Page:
On the other hand, smaller NATO partners are uniquely poised to exploit the fact that AI can deliver oversized power to small actors. Tech-savvy European countries that are already making efforts to compete with the Silicon Valley can bridge the capabilities gap by combining smarter defence spending with the agile integration of available innovative technologies, if not the development of their own. For this to happen, states need to develop a better understanding of AI’s potential and current possibilities, focus on experimental integration of technology (primarily narrow AI) in a controlled environment, and ensure support for and identification of domestic and foreign-based start-ups that can produce customised technology.

How Should Thinking and Practice be Adjusted?

  1. Embrace that AI is here to stay
    States that fail to factor AI into national security risk overlooking that the technology is an increasingly essential feature of modern society. And as its growing use by adversaries demonstrates, AI is by no means an unequivocal force for good. Concerns also exist regarding AI’s long-term impact on humanity. However, ethical issues should not get in the way of harnessing the security benefits offered by AI. States need to strike a balance between safeguarding citizens from the most pernicious effects of AI, and using it to enhance defence, security and intelligence architectures.
  2. Invest in AI now
    Breakthroughs in AI have been largely driven by the commercial sector. For the public sector to bridge, financial investment and close cooperation with private industries, including small businesses and start-ups, will be vital. The same can also be said of investment into infrastructure, customization, integration and the legal framework surrounding AI. Integration of available technologies will not only enhance but also accelerate competitive edge.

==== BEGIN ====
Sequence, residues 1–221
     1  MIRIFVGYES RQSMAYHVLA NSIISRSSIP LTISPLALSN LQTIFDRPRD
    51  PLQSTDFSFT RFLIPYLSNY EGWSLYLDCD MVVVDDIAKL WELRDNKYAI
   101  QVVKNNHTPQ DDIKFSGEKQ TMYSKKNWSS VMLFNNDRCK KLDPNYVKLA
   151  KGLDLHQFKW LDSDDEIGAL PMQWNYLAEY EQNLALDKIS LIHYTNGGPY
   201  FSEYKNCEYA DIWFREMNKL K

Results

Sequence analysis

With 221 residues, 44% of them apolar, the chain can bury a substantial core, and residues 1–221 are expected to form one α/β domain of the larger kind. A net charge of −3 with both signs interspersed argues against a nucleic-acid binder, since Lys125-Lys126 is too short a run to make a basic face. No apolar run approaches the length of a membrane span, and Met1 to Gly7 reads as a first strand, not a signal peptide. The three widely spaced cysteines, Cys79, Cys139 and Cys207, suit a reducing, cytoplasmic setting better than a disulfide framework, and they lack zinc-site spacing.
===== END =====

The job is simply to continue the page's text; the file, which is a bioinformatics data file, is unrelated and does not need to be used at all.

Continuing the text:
3. Supplement technological progress with underlying doctrinal and organisational change
    Put simply, technology is unlikely to boost national security without doctrinal and organisational change. The threats posed by hybrid warfare and oversized empowerment of small actors should prompt states into revamping security strategies to include a corresponding spectrum of integrated responses. Organisational change should also take into account speed of procurement, training, and defence spending. Long multi-year procurement and approval cycles are hardly compatible with the speed of today’s technological innovation and upgrades. They are also unlikely to enhance cooperation between militaries and businesses striving to maximise returns on investment. New technology, and particularly current and future forms of AI, also require a new type of human actors – the ones that are not only trained in how technology works but can adjust their thinking and behaviour to the new type of challenges.
  4. Work with allies
    Alliances should not overlook the security potential of AI for the sake of balanced capabilities and relations among partners. The GLOBSEC NATO Adaptation Initiative has aptly called for the creation of an AI Centre of Excellence. Such a centre should be not a bureaucratic fancy but part of a viable, innovative and sustainable security strategy.

States should also remember that the AI sector is truly global, with much of the innovation and creative development happening outside one geographical region. This suggests that effective national security policies might rest on a state’s ability to reach out to the global marketplace as well as strengthening cooperation with allies to expand talent and innovation pool.

There is much more to AI than autonomous weapons and a futuristic war of the machines. The ‘unfuturistic’ impact of readily available AI is either ignored at one’s peril or streamlined to reap national security benefits.